# Illusory AAA tranches: the case of resecuritisations

**(Extract from pages 44-45 of BIS Quarterly Review, December 2014)**

Instead of comprising individual bonds or loans, the pool underlying a securitisation may itself comprise other securitisations or tranches of securitisations. For instance, the run-up to the global financial crisis witnessed the rise of securitisations of mezzanine tranches, or mezzanine resecuritisations. From 2005 to 2007, the senior tranches of mezzanine resecuritisations could rely on a wide investor base thanks to perceptions that they were virtually risk-free. Such perceptions turned out to be wrong. This box argues that the poor performance of senior tranches of mezzanine resecuritisations during the crisis can be explained with an overlooked inherent feature of these resecuritisations: high correlation of the underlying assets.

The box uses an illustrative example of a two-stage securitisation. In the first stage, 1 million homogeneous loans are split equally into 1,000 pools and then each pool is securitised. All first-stage securitisations are divided in the same way into junior, mezzanine and senior tranches. In the second stage, the 1,000 first-stage mezzanine tranches are all pooled together and securitised: this is a mezzanine resecuritisation (Graph A). The goal of the second-stage securitisation is to create a senior tranche that is subject to so little risk that it merits a AAA rating.

The risk characteristics of a first-stage mezzanine tranche would differ from those of an individual loan. Such a tranche is shielded by the corresponding junior tranche from the first losses on the underlying pool, ie from the losses triggered mainly by loan-specific, idiosyncratic shocks. Nevertheless, the mezzanine tranche is exposed to widespread, systematic shocks that are strong enough to completely wipe out the junior tranche. And the same systematic shocks would also dominate in mezzanine tranches from other first-stage securitisations. In turn, the greater relative role of systematic shocks in the mezzanine tranches than in the individual underlying loans implies that the losses on these tranches would be more strongly correlated than loan losses.

For a numerical illustration of this argument, let expression (A.1) in Annex 1 govern the credit risk of each securitised loan, and let the attachment and detachment points of each first-stage mezzanine tranche be equal to 3% and 7% of the respective pool. For a given homogeneous loan-level PD, the regulatory capital formula provides a common-factor loading that governs the correlation of defaults. Over a range of PDs from 0.3% to 2%, losses on first-stage mezzanine tranches are substantially more correlated than loan defaults. For any pair of loans, if there is at least one default, the likelihood of two defaults is lower than 3%. In the context of mezzanine tranches, the corresponding likelihood is 20 times larger. Namely, if at least one of two first-stage mezzanine tranches is subject to default losses, the other is as well with likelihood greater than 60%.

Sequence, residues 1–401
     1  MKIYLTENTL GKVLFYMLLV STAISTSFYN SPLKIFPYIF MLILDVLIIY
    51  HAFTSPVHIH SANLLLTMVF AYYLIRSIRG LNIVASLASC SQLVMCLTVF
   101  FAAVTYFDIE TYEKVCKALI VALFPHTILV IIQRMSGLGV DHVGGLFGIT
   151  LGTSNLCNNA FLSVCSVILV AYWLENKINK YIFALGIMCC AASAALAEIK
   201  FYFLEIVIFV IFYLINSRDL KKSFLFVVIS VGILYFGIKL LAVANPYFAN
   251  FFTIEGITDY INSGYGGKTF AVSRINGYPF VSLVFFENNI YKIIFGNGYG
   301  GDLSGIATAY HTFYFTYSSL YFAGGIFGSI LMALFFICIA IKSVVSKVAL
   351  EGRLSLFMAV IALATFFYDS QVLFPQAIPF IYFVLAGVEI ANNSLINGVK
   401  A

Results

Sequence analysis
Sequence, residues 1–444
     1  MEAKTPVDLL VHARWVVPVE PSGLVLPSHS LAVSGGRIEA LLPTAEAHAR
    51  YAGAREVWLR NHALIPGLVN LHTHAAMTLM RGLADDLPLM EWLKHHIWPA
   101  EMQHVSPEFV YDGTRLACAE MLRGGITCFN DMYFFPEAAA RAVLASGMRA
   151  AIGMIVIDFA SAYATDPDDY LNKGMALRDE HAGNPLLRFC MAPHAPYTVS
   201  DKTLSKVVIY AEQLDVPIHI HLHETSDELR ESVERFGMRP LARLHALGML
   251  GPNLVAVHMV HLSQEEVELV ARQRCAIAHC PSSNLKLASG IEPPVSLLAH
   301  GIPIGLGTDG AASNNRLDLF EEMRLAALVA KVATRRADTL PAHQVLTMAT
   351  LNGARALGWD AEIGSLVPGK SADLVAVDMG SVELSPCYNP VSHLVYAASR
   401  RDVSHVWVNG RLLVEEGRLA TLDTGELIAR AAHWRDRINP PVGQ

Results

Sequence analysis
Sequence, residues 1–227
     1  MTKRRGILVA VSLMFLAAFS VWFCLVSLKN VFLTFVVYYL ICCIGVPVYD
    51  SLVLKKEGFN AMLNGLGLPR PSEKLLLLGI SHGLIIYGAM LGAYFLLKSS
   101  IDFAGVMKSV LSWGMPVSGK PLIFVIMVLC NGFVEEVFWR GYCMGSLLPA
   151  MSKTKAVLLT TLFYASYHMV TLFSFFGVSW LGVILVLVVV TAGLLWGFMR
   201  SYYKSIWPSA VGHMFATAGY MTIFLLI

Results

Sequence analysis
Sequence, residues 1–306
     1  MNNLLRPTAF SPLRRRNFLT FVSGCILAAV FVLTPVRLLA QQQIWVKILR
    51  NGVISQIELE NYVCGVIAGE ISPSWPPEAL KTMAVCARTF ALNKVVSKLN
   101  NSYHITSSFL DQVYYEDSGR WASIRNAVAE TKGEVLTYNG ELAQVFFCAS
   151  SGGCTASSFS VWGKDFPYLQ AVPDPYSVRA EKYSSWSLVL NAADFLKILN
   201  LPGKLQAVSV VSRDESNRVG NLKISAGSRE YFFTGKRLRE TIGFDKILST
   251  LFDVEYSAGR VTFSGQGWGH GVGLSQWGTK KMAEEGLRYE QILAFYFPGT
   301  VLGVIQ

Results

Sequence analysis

The strong correlation of losses on first-stage mezzanine tranches undermines the benefits of pooling these tranches together at the second securitisation stage. The higher this correlation, the smaller is the scope for diversification and the higher is the probability of large losses on the mezzanine resecuritisation. In fact, for the mezzanine resecuritisations implied by the stylised example in this box, the highest rating of a senior tranche with a realistic attachment point is A, several notches below the desired AAA rating (Table A). This is true even if the risk of the resecuritisation's junior tranche is quite low, corresponding to a BBB rating (last row in the table).

This can explain why senior tranches of mezzanine resecuritisations did not live up to their AAA ratings during the crisis. The admittedly stylised example above brings to the fore a key feature of first-stage mezzanine tranches that rating agencies underappreciated prior to the crisis: since these tranches are largely protected from idiosyncratic shocks, their losses are highly correlated. And it is thus unrealistic to expect that securitising such tranches could generate diversification benefits that give rise to low-risk securities.

For a study that reaches similar conclusions, see Hull and White (2010).